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About the screening and conversation

Join writers Boris Sandler and Gitl Schaechter-Viswanath, scholar Sheva Zucker, and artist Yevgeniy Fiks for a gallery tour, a bilingual Yiddish-English poetry reading, and film screening in honor of the legacy of the 20th century modernist painter and Yiddish poet Yonia Fain (1913-2013). This event is free and open to the public, but please RSVP here as seating is limited.

Film screening YONIA FAIN: WITH PEN AND PAINTBRUSH by Josh Waletzky, produced by the League for Yiddish.

Born in Ukraine in 1913, Yonia Fain as a young child fled to Vilnius (then Poland) with his family where he received his education and began producing art and Yiddish poetry. At the time of the Nazi invasion of Poland, Yonia was living in Warsaw and escaped making it to Vladivostok, Soviet Union. Then, obtaining falsified documents and transit visas signed by Japanese diplomat Chiune Sugihara, Fain escaped through Siberia to Japan and spent the remainder of World War II in Shanghai, China, where he continued to make paintings and write Yiddish poetry.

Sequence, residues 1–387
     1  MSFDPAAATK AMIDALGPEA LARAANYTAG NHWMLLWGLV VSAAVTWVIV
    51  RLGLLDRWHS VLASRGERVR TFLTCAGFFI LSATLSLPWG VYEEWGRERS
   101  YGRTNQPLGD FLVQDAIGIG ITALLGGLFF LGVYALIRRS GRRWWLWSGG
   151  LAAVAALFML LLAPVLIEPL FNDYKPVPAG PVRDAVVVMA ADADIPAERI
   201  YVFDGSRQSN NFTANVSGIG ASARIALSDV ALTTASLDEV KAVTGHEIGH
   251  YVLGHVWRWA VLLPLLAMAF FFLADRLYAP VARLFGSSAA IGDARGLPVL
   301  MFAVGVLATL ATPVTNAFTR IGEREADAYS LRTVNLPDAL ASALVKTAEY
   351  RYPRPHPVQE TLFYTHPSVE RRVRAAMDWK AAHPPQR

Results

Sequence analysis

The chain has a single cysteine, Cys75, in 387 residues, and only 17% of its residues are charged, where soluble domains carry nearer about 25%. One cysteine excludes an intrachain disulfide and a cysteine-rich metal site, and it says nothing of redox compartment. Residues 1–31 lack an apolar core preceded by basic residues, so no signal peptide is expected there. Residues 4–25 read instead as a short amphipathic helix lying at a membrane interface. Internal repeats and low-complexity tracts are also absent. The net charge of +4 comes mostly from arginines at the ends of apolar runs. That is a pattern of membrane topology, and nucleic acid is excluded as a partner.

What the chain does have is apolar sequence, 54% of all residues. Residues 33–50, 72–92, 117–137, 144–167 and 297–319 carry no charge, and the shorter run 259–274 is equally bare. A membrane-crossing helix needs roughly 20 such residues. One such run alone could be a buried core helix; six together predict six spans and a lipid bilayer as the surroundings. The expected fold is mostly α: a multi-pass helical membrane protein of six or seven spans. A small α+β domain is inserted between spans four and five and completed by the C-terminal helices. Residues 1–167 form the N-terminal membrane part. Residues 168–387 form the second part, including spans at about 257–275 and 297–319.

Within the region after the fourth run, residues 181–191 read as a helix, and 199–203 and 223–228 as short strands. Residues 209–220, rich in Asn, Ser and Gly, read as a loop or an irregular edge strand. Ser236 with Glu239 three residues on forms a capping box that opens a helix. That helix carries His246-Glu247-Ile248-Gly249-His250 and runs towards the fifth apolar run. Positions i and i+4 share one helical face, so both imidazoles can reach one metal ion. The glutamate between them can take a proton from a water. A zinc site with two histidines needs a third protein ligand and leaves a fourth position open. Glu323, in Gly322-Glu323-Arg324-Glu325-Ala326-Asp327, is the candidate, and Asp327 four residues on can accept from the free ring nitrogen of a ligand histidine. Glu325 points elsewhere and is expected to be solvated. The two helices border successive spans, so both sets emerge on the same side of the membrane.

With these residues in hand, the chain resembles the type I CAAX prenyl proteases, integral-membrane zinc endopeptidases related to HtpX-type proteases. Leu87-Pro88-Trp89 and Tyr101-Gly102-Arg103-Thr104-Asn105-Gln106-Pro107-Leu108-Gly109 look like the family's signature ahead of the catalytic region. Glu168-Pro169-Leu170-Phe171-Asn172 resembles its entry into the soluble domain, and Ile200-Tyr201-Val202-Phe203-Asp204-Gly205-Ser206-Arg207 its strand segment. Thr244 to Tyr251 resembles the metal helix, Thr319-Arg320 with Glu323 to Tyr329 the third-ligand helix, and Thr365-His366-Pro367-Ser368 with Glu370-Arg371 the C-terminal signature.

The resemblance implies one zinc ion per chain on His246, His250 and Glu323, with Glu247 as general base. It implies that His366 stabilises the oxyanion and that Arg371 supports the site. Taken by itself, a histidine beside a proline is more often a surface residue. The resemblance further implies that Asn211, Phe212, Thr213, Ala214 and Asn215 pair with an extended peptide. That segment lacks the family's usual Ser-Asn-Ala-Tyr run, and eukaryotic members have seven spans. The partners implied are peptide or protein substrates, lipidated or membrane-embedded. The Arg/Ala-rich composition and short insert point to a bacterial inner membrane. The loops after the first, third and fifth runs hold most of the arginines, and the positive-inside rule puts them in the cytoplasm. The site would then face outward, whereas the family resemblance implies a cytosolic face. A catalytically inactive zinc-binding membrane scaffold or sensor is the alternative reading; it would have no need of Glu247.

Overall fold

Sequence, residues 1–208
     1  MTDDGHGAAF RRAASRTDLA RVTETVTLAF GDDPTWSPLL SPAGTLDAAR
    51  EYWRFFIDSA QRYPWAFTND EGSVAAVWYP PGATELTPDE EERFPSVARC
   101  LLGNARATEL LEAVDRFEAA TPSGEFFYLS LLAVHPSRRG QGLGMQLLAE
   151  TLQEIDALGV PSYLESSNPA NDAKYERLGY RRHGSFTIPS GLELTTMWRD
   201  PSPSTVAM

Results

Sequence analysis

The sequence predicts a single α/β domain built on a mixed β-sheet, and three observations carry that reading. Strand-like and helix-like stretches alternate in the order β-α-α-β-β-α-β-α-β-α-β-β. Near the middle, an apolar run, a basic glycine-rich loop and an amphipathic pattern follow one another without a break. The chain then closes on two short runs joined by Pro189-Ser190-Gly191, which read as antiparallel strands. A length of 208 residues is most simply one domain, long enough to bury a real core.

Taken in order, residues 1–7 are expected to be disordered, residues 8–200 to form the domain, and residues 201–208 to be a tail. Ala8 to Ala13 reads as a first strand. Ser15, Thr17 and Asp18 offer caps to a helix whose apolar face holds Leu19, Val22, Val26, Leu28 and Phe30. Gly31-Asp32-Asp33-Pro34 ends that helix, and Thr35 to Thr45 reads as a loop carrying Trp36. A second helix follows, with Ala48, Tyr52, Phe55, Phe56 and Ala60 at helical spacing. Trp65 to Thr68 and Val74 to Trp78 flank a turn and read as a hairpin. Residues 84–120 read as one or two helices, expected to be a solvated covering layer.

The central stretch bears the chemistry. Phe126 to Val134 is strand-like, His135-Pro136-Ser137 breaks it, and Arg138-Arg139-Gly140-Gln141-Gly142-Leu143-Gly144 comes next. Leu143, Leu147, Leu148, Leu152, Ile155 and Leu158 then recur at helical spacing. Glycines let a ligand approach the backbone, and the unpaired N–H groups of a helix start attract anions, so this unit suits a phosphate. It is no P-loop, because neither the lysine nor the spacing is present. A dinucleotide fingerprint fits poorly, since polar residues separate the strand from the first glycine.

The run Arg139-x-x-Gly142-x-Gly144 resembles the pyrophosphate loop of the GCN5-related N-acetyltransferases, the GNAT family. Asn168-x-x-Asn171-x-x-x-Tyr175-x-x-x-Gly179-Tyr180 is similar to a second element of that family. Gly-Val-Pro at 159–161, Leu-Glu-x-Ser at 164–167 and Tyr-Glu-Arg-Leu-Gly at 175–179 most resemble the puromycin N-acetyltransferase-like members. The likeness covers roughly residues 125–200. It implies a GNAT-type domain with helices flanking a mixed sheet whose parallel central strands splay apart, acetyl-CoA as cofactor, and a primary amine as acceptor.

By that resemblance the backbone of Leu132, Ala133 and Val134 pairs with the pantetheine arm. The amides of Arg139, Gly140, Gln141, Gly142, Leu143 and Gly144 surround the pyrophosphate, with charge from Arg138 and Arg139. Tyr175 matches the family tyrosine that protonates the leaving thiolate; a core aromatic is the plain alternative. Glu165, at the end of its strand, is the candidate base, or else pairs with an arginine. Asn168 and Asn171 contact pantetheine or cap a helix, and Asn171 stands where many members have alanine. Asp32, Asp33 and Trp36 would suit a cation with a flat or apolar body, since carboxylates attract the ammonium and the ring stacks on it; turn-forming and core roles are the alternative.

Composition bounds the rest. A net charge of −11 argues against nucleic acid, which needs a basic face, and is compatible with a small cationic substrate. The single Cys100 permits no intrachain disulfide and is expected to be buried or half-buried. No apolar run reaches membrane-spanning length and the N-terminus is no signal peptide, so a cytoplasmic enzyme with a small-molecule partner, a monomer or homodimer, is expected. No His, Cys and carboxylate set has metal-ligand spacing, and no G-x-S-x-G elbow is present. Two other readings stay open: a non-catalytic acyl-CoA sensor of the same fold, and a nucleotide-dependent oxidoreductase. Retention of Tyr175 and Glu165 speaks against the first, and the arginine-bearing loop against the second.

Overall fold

As the war ended, Fain move to Mexico where his art was championed by Diego Rivera, who curated exhibitions of Fain’s work and writing catalog essays as well. During those years 1947-1953, Yonia was commissioned to do a number of major murals such as the 1949 wall mural and ceiling dome painting for the Memorial Chapel, Panteon Israelita, Cementerio Ashkenazi, in Mexico City. He also represented Mexico in the 1952 Carnegie International Exhibition of Contemporary Painting in Pittsburgh. In 1953, Fain moved to New York and had numerous exhibitions there. He continued to be a prolific poet of Yiddish poetry , serving as the President of the Yiddish Pen Society, winning many awards, and authoring five books including Nyu-Yorker adresn: Dertseylungen in 1995, and Der Finfter Sman: lider (The Fifth Season Poems) in 2007.

While Fain’s pre-WW2 works didn’t survive, his post-war works and poetry are deeply connected to modernist concerns and the themes of brutality, survival and hope and personifying a connection between modern art and Yiddish literature.


Jewish Standard